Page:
The Larne workshop comes just ahead of the John Hewitt Spring School in Carnlough which this year is on Saturday 25th April 2015 and features talks and readings by Martina Devlin, Ciaran Carson, Stephen Sexton, Peter Osborne, Nisha Tandon and Vincent Creelan. There’s a FREE return coach from Belfast City Centre to Carnlough for Day Ticket Holders (£25 for entry to all events including lunch and refreshments and if you’re lucky, some of the famous Londonderry Arms wheaten bread). Full details of contributors and how to book here.
On Saturday 9th May 2015 I’ll be taking a One Day Writing Workshop at Roe Valley Arts and Cultural Centre, Limavady that uses John Steinbeck’s own writing and his links with the Limavady area as inspiration for new creative work. Open to beginners as well as to more experienced writers, the workshop runs from 10am-4pm with a short break for lunch. Cost £15. (Lunch not included.) To book Tel. 028 7776 0650 or email firstname.lastname@example.org. (Maximum 12 places.)
On Wednesday 13th May 2015 Ballycastle Writers hosts the first Writers’ Exchange, of the new Causeway Coast and Glens Council area and Flowerfield Writers’ Group will be there to join them. The event is at 7.30pm in Sheskburn House, Ballycastle. Admission is FREE. Participants are invited to read from their own work (short stories, poems, memoir, extracts from novels in progress). For more information contact the Arts Officer on 028 207 62225.
On Thursday 14th May 2015 I’ll be at the Linen Hall Library, Belfast along with writers Jan Carson and Kelly Creighton at an event hosted by the National Collection of Northern Ireland Publications (NIPR), part of the Writers on Writers Festival. ‘Success Stories: How to get your short stories published’ runs from 3pm-5.30pm. Kelly will be there in her role as editor of The Incubator, to talk about what journal editors are looking for. I will be giving advice about putting a collection together, and Jan will be talking about submitting work. This is a FREE event but advance booking is recommended. To book click on the Add to Basket button on the Success Stories link above or contact the Linen Hall on (0)28 9032 1707; email email@example.com. The Writers on Writers Festival runs from 13th – 16th May and features Glenn Patterson along with previous winners of the Michael McLaverty Short Story Award, Bernard MacLaverty & David Park in conversation, a writing workshop by Jo Egan, Anne Devlin talking about Elizabeth Bowen and Sophia Hillen sharing her writing experiences.
That’s it for now. More anon. Happy writing, reading, listening, editing, drafting, redrafting, sleeping, drafting some more…
I’ve been gone from here for a while. It seems sort of appropriate to return on the shortest day, at the natural turn of the year. We’ve had a tough few weeks. My mother passed away on the 15th of October past. She dreaded the long dark nights. It was always a relief to be able to say on the 21st that the light was on its way back. In tribute to her, I’d like to repost this story from Sleepwalkers which was written for her and for my first daughter. She and I sat in her kitchen the day it was first broadcast on the radio, listening together. The story had been pre-recorded in Belfast. I was more nervous about that reading than I’ve ever been about a reading before or since. She was a very private person. I wasn’t sure how she would react to the telling. In the event, it was fine. It was more than fine. I think she was really very proud to have it told.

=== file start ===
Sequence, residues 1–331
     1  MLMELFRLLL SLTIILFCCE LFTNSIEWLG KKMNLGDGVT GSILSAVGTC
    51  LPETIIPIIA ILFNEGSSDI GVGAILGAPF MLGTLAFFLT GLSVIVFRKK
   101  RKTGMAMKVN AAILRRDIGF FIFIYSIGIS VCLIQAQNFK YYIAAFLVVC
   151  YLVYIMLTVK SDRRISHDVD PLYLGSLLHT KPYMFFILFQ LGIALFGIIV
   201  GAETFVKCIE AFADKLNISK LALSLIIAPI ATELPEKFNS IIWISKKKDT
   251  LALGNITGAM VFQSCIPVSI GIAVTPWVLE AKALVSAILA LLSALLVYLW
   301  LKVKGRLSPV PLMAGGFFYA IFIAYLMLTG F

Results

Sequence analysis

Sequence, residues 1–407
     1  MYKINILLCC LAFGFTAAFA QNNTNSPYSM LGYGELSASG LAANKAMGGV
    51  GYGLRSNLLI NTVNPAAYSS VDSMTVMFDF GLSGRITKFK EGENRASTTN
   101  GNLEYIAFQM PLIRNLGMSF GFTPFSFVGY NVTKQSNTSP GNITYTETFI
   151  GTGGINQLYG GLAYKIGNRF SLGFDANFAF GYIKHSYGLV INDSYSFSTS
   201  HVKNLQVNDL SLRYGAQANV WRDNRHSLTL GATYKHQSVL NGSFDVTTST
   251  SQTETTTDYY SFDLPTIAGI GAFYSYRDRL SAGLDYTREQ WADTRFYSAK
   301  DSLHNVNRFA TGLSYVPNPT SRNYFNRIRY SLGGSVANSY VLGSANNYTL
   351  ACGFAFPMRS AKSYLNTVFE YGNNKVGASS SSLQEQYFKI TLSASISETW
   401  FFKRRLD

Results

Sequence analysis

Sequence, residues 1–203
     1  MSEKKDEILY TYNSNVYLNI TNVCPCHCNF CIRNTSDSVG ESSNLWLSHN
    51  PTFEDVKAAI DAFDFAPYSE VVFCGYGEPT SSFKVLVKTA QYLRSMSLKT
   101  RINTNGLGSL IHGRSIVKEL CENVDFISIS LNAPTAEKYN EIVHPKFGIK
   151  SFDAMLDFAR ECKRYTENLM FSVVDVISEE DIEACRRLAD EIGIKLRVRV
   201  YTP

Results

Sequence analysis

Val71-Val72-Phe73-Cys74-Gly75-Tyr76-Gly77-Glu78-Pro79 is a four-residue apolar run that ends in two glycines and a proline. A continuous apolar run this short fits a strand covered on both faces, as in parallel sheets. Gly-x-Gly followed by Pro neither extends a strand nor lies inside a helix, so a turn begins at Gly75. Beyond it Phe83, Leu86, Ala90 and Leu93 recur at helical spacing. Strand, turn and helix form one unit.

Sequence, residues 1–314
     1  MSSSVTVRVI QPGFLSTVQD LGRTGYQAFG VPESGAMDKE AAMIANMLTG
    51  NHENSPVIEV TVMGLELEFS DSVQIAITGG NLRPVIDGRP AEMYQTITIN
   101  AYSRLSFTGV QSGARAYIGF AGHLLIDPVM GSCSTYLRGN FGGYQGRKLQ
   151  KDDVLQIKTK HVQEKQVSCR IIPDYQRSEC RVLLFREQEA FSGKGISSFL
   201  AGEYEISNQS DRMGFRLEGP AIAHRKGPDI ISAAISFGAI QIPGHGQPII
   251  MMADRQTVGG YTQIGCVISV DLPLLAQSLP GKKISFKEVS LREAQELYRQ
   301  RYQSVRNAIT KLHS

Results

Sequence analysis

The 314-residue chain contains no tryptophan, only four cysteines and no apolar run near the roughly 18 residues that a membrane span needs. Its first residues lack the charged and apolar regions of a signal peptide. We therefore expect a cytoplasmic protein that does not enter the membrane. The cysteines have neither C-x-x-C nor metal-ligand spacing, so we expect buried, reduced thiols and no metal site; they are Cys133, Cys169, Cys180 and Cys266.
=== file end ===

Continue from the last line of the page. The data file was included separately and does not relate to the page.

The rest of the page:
Here’s to the return of the light. Wishing us all brighter days ahead.
This is how you lay, little one, the whole night long in my mother’s house, with me on my back and you on my chest and your left cheek on mine. I remember I lifted you and laid you in your travel cot, but you were not for travelling. Once the cold of the sheet touched your face, you twisted, opened your eyes, screwed up your fists and cried: cries fit to waken my mother and her mother, and her mother’s mother before. I lifted you once, twice, three, four times, lifted you until you taught me what I would not learn: that the only place you wanted to be was next to me, heartbeat to heartbeat, cheek to cheek.
In the morning, my mother looked into my bleary eyes, into eight months of lifting and laying and lifting again. She put her little finger into your small mouth and felt an eruption, the shock of a chip of ivory that had broken the surface: your first tooth. It made sense of everything. She told me once that after the birth of her ninth child, her doctor had told her to stop birthing children, for the sake of her health. But she didn’t stop. She bore another boy, and then me. ‘Where would you have been if I’d stopped?’ she said to me, and she took your hand, ‘And where would this one be?’ I don’t know the answer to that. Later, she told me she was annoyed that she had found the tooth, upset at having the glory moment when it was me that had lost sleep over it. Would I not have wished to have found it myself, she said? But who better to have found it, her last baby’s first baby’s first tooth? Who better but your mother’s mother; your own mother, once removed, and not removed at all. We make ourselves over and over again. Your teeth are my teeth, and my bones are hers and her skin is her mother’s, and her mother’s blood is the blood of hers. Who better to have found your tooth? ‘No,’ I said, ‘I’m not annoyed. You know the rule – the tooth-finder is the cobbler. Now you’ll have to buy the first shoes.’